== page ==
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First let me start by introducing this little mountaintop dwelling properly. It’s about an hour and a half from Sarajevo on Bjelasnica Mountain and was known as the highest and most isolated permanent settlement in Bosnia. Keyword is was because two years ago residents started moving down for the winter, many to their families in Sarajevo.
Winter gets tough up there and seeing the conditions in which they live I couldn’t imagine things being any other way when temperatures get below freezing and roads are blocked with snow. But this is just a technicality really because regardless of how many months out of the year they are living there, Lukomir just might be the last remaining village of its kind in Bosnia.
Around the same time Sarajevo was under siege in the 90s, so were these mountains, but thanks to Lukomir’s isolated position, Serbian forces couldn’t get to them while all the other surrounding villages were completely destroyed. As a result, Lukomir remains a tiny “window into the past”. At least until the tourists start to arrive.
Sad to say, but it appears that these days Lukomir is in danger of being destroyed not by weapons of mass destruction, but rather mass tourism and a dying population. Most of its residents, at least the OG ones, are all 60+ years old and outsiders who see it as a business opportunity rather than a historical site in need of preservation have already moved in and started to take over. Below is one of the first signs of its authenticity’s death. A bar. In a traditional Muslim village.
This may have been one of the only times in my life I wasn’t happy to see one, but I can see how it works. Tourists love bars/cafes/restaurants and the only other place to get food and drinks up there for day trippers and hikers is in the homes of the locals which is what we did. Lunch and kafa at Rahima’s house – grandmother of one of the ladies who works for Green Visions which is the tour company that arranged the trip up there for me.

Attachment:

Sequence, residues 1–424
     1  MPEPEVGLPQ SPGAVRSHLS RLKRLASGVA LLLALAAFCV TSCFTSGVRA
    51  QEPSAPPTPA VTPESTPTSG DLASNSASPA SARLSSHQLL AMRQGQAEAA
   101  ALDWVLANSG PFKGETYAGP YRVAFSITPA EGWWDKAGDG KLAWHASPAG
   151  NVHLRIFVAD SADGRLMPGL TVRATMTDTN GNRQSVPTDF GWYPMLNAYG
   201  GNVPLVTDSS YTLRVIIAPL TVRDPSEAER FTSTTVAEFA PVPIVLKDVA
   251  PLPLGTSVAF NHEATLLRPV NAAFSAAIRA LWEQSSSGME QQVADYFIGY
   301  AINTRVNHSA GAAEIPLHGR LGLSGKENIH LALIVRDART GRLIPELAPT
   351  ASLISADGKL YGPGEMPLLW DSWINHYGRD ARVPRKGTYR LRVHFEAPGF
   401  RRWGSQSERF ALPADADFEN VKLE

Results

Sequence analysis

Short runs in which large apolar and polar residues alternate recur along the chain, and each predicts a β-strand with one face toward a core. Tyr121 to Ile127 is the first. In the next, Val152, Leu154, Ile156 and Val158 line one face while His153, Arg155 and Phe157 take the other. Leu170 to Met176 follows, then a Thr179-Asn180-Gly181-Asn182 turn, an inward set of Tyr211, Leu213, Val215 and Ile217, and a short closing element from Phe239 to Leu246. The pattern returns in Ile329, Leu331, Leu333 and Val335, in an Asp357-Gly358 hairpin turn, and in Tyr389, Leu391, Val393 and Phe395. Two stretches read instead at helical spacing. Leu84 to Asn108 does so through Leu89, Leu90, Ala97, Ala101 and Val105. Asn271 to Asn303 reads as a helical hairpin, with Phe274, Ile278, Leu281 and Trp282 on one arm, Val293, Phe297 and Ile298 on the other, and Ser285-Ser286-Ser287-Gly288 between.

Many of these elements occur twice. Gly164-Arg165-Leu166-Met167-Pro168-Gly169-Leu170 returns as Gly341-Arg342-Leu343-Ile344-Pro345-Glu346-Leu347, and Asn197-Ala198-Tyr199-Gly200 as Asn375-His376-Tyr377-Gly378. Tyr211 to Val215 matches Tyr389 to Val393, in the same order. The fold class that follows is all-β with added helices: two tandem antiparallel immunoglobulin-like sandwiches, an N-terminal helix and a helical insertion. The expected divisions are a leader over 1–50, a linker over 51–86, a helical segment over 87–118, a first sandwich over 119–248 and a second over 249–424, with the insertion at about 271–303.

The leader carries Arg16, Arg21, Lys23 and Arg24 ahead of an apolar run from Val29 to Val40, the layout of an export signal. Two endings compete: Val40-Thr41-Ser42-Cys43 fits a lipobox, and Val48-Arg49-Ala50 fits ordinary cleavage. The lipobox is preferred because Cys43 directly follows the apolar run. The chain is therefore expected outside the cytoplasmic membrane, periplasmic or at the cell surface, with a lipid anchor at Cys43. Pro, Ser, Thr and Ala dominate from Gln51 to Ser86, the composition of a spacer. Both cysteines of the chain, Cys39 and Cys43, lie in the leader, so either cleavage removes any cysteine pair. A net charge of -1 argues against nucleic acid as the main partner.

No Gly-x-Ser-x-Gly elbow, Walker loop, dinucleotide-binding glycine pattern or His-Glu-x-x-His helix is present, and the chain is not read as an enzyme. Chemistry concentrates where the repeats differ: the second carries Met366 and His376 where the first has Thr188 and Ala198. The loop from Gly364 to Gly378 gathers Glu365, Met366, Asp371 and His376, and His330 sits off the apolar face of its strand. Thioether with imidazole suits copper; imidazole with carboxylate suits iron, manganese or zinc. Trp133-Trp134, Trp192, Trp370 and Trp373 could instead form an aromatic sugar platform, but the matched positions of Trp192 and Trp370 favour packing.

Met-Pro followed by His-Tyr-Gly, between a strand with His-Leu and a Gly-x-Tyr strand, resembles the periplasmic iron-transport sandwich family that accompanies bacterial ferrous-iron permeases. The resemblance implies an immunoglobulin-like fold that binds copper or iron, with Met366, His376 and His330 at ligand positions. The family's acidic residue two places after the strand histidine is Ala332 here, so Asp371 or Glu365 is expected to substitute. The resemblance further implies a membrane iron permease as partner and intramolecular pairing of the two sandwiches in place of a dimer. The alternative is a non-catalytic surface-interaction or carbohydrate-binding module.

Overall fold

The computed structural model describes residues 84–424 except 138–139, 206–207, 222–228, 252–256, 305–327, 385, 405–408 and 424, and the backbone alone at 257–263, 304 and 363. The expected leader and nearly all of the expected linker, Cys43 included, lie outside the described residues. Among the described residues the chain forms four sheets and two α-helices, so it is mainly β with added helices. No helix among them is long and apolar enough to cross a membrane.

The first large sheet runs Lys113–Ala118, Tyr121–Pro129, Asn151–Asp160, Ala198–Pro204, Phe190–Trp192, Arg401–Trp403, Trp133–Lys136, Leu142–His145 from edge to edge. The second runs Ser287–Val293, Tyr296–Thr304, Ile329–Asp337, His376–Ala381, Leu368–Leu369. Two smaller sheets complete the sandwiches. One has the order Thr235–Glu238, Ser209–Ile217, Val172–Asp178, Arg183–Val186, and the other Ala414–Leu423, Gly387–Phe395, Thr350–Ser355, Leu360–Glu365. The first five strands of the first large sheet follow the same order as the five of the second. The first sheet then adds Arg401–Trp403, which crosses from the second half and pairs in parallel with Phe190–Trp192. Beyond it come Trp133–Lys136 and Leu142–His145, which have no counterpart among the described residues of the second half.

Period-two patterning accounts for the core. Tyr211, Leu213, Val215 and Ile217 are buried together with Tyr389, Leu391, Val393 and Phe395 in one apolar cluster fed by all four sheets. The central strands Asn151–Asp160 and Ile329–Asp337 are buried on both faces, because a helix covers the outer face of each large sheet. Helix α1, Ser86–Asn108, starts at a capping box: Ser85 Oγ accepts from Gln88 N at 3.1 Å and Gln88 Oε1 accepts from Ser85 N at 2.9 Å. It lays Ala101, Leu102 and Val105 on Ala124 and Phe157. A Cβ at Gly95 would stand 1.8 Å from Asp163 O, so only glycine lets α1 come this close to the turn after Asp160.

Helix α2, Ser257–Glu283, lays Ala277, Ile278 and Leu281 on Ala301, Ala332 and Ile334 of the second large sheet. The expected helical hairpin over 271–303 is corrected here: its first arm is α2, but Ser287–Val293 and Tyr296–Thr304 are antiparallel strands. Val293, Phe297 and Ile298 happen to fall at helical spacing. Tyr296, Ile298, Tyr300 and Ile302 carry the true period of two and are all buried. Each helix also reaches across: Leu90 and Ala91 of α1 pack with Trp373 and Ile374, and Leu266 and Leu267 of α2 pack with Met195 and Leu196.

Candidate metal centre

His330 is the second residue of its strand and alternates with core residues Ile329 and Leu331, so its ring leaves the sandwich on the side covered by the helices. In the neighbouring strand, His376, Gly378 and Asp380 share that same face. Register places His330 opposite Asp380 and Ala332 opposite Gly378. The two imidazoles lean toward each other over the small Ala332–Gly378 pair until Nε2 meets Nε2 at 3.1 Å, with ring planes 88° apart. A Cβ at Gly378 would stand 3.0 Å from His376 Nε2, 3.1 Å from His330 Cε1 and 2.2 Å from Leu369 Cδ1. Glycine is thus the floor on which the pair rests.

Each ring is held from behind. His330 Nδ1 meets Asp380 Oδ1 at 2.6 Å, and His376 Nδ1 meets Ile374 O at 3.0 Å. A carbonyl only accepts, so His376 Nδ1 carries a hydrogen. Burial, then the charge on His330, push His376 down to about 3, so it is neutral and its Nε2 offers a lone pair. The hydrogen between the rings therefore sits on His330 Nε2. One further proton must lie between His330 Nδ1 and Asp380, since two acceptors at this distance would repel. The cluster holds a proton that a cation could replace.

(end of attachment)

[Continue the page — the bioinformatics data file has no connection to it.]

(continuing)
Because of that family connection and their policy to pay local partners fair prices, I felt good being there, but in general, I have no idea what sort of operation other people/companies are running. The way the rest of those Bosnian mamas were trying to hustle a sale of some pita and socks on us as we were walking through the village after lunch made me sad, but I suppose this has been happening in one way or another for centuries. It’s just a little more disturbing when they are simultaneously rocking a Britney Spears t-shirt...
So what to say about Lukomir… I had a lot of mixed feelings leaving and still do even weeks later. On the one hand, the last thing I think Lukomir needs is more tourists until it receives some sort of help to balance the ones it’s already getting. Clearly it’s “protected” status by the government hasn’t helped much in the way of stopping non-traditional buildings from going up. Nor does it seem to be helping much with the maintenance of the native ones.
On the other hand, it is a really unique spot in Bosnia that I couldn’t recommend a visit to enough. The surrounding scenery will take your breath away, especially if you are up for some hiking, and even though they are more connected to modern society than ever before, there is still an old world feel to it that you can’t really find anywhere else in the country.
The village appears in the film Killing Season as the place of birth of main character Emil Kovač (played by John Travolta)
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